Remote Work in Times of the Coronavirus Crisis
Before the novel coronavirus pandemic was upon us, many startups were offering remote work possibilities. And the reason is simple: it makes sense. Here’s why it makes sense and what you should look out for specifically in legal terms if you do offer it.
Why Offer Remote Work or Incorporate it Into Your Business Model?
Before the coronavirus forced many companies to offer remote work, work-from-home arrangements were becoming more popular among startups – tech startups especially. As mentioned above, they’ve been doing so because it makes sense monetarily, professionally, and personally.
Monetarily. Startups’ number one concern is financing and getting that seed funding or moving beyond it to grow devours a lot of time. Remote work saves money, both for the company and the founders or employees. For example, for the company, you save on relocation costs, recruitment savings, overhead costs (e.g., office space and rent). For the employee, the employee saves on commuting costs and (keep in mind time is money) the time it takes to commute – in Los Angeles, the commute time is on average 32 minutes one way totaling just over 5 hours per week while in Palmdale, workers have the longest commute in the country at over two hours roundtrip, totaling more than 10 hours per week – that’s more than one full workday and thousands of dollars a year in transportation costs.
Professionally. Great talent can be sought anywhere in the world and, likewise, great talent can work anywhere in the world. You can find the best person to fill your positions if that person doesn’t necessarily have to be in the same city or have to commute. Plus, according to Gallup and as reported by the New York Times, remote employees in all industries had the highest levels of engagement.
Personally. People want a good work-life balance. You don’t need a study – though there are many – to tell you that the better work-life balance the better the employee. In fact, people care so much about this balance that they would be willing to give up an extra $10,000 in pay per year, according to a Joblist survey. Remote work lends itself to a better work-life balance, and that trickles down to better employee satisfaction and performance and reduced costs for the company.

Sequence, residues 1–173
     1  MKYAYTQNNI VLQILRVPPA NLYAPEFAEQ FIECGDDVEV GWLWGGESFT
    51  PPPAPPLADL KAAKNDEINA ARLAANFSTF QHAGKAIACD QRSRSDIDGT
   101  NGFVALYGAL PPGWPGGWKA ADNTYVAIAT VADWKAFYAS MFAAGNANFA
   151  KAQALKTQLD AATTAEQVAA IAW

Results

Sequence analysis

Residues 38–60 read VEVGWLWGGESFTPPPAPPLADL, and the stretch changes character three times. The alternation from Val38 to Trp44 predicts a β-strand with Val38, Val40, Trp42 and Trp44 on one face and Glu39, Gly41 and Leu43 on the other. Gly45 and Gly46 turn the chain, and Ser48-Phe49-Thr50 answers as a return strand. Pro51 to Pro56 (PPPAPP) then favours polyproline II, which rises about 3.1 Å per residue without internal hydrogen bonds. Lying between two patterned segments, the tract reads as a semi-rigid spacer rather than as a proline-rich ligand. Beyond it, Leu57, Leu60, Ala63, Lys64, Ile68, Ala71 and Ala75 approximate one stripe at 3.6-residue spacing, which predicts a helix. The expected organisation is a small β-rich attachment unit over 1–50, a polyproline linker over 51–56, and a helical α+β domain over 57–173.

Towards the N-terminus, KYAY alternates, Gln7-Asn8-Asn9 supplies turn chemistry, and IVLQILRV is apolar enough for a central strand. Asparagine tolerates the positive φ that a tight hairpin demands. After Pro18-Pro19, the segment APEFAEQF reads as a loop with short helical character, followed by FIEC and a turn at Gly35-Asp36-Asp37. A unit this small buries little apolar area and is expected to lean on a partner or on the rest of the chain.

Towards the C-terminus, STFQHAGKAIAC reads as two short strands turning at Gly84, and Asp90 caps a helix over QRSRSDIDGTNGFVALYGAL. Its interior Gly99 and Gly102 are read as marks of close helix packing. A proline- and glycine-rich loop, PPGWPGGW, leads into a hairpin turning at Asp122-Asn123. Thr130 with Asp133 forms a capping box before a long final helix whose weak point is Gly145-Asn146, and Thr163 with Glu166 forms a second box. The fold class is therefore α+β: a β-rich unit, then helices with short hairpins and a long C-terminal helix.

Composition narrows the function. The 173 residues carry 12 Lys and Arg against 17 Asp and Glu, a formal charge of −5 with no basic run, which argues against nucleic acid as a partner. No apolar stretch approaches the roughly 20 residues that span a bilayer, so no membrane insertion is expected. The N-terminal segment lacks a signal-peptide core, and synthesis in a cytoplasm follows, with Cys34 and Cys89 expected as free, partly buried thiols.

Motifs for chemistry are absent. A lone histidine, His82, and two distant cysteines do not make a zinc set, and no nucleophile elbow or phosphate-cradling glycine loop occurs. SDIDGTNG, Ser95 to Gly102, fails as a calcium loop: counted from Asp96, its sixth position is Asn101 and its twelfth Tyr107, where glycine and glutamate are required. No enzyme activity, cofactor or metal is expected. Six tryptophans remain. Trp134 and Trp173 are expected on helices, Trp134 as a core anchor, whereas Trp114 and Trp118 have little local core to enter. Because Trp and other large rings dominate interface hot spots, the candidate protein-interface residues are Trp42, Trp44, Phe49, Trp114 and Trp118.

How Do You Make Remote Work Arrangement Work for Your Company?
Remote work is great, but it can work against you if the legal structure isn’t set up right from the start. Here are two things you must have in place: a policy and tools to carry out remote work.
An Airtight Remote Work Policy
You must have an airtight remote work policy. Employees working offsite need to be kept on track and a solid and well-communicated policy can help in the endeavor. But there are also legal reasons for having an airtight policy, like taking into consideration:
FLSA violations with particular concern about non-salaried persons and the number of hours they actually work, including overtime pay – work hours and other similar information must be clearly outlined in the policy;
Discrimination issues, i.e., if at-home workers (e.g., mothers or pregnant women) are not offered the same support, protection, etc. that employees are offered in the office, then there could be a discrimination problem, and so these issues must be addressed in the policy;
Disability issues, i.e., if disabled employees are not offered accommodations for the disability (e.g., a deaf person may need specific software to communicate virtually) then you may have a legal matter on your hands, so this must be addressed in the policy;
health and safety, i.e., you are still responsible for your employees’ health and safety even if they are not working on-site, and so a policy should outline what a suitable environment is for remote work;
Worksite closures, e.g., if you have an on-site location and it is closed for some reason but remote workers continue to work, they need to be compensated – employees must know what the policy is when/if an onsite location is closed;
Data security must be considered and comprehensively addressed – whether it is onsite or online, data security is always a concern, but working from home exacerbates this problem, so a policy must be in place and include what can be done (e.g., working in public spaces where security dangers are higher) and can’t be done, etc.
Tools to Facilitate Remote Work
You must provide the right tools so that employees can conduct their work effectively, remotely. This can include things like providing company computers to software needed to perform the functions of the job and to communicate with other employees and the employer. Specifically, you may need software to:
keep your company, company data, and employees secure, so you may need to incorporate endpoint security software;
hold meetings, so you will need video conferencing software like Zoom, which has seen its profits go through the roof during the Covid-19 pandemic;
help employees collaborate with each other, so you may need software that makes it easy to communicate throughout the day;
help employees stay focused by offering task management software;
track work hours especially for hourly employees to make sure you comply with the law and keep accurate financial accounts.
As you see, remote work – whether it’s during the time of the coronavirus, which will be with us for some time, or not – can benefit a company. If you want to make sure you have the right policies and tools in place, contact an experienced business attorney in the Los Angeles and Orange County area today.